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Givenness and Revelation$
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Jean-Luc Marion

Print publication date: 2016

Print ISBN-13: 9780198757733

Published to Oxford Scholarship Online: April 2016

DOI: 10.1093/acprof:oso/9780198757733.001.0001

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PRINTED FROM OXFORD SCHOLARSHIP ONLINE (oxford.universitypressscholarship.com). (c) Copyright Oxford University Press, 2021. All Rights Reserved. An individual user may print out a PDF of a single chapter of a monograph in OSO for personal use. date: 28 September 2021



(p.116) Conclusion
Givenness and Revelation

Jean-Luc Marion

Stephen E. Lewis

Oxford University Press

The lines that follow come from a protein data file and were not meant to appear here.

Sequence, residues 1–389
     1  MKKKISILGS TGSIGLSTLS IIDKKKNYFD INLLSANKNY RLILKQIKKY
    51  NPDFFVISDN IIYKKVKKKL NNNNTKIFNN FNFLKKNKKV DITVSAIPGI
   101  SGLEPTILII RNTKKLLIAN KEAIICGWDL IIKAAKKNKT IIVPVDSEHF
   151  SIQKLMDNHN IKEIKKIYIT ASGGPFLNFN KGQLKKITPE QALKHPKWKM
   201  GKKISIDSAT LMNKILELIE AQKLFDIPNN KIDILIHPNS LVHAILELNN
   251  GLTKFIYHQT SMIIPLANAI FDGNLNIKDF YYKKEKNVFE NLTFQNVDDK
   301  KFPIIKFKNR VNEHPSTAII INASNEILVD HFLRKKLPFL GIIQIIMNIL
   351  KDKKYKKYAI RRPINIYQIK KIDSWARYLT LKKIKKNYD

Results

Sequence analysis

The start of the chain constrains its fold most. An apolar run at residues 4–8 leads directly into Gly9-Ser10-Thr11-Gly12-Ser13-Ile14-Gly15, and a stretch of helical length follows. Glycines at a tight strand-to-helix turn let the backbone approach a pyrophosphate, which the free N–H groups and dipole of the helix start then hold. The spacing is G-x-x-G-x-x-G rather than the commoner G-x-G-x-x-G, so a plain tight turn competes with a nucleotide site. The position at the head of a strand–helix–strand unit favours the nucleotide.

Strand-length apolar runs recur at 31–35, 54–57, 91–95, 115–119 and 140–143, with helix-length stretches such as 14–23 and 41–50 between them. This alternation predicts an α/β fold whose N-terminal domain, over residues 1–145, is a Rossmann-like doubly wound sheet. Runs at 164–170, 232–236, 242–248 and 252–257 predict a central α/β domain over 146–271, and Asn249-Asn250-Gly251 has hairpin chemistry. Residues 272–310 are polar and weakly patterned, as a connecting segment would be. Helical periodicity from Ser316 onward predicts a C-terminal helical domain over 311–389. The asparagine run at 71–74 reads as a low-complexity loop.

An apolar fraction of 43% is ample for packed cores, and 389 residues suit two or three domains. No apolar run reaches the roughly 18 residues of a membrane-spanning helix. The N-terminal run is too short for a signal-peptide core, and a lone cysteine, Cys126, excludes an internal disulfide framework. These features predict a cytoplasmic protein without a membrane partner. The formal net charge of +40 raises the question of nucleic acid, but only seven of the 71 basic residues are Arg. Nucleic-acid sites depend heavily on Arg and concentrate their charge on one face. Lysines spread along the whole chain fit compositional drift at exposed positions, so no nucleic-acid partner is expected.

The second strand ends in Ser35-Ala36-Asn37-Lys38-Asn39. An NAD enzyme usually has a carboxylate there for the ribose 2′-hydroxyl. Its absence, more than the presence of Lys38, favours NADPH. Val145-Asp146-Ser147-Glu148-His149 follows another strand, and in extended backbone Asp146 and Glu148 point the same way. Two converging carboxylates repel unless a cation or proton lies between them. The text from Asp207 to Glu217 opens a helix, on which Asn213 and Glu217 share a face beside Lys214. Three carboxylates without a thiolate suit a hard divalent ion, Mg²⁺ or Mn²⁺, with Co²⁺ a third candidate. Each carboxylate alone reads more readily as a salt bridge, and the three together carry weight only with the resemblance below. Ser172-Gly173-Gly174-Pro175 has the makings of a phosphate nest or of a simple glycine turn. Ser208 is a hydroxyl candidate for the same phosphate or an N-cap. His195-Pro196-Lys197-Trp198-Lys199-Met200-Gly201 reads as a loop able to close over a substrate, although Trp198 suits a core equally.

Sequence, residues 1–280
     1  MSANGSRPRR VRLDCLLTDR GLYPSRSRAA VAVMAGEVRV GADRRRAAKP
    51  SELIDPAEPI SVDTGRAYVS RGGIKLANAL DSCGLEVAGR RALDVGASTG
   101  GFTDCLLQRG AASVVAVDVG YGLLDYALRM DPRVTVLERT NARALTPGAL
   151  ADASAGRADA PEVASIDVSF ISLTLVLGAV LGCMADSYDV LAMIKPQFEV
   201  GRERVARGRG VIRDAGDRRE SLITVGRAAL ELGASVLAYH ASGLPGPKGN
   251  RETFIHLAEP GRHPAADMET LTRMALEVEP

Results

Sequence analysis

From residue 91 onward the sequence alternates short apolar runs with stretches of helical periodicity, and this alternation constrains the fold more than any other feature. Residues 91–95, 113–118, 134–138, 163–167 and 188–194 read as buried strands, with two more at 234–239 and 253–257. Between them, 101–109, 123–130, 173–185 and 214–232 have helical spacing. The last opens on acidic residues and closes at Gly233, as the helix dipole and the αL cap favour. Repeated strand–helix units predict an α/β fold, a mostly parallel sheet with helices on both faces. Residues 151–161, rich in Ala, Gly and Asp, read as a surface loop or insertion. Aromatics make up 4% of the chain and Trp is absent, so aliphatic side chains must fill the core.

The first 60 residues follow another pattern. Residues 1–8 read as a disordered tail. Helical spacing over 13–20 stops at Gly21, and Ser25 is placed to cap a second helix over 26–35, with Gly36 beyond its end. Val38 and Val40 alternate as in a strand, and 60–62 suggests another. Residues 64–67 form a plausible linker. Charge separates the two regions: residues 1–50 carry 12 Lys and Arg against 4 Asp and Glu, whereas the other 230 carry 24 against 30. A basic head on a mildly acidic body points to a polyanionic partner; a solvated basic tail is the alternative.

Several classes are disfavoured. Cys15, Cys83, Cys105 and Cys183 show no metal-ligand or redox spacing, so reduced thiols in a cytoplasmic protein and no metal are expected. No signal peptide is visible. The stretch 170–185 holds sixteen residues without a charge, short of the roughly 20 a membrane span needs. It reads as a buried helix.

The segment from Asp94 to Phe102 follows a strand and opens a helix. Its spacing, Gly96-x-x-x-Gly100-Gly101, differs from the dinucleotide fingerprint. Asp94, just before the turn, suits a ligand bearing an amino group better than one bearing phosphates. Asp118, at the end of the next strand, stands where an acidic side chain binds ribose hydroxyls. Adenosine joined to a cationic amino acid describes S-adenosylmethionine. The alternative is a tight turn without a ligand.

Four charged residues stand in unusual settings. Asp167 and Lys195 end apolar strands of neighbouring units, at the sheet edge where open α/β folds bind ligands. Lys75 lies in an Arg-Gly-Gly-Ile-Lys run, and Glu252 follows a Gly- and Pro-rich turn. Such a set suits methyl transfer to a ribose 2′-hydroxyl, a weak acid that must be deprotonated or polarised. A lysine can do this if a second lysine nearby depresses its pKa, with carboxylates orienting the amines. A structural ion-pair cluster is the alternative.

Philosophy finds its theories and doctrines frequently exceeded by the immensity of things, and laments this fact; theology, however, should rejoice at this state of affairs. Theoretical atheism, in its philosophical ambition, seeks to dismiss the hypothesis of God through concepts. But when God is the issue, the issue is never merely that of demonstrating his existence, or his non-existence. Rather, the biblical Revelation manifests God showing himself insofar as God gives himself, and in giving himself, God takes on the flesh of a phenomenon, an event, that eludes our concepts but requires our response. How we respond is up to us.

Keywords:   atheism, idolatry, the other, gift, event, phenomenology, revelation, faith, Jesus Christ, the will

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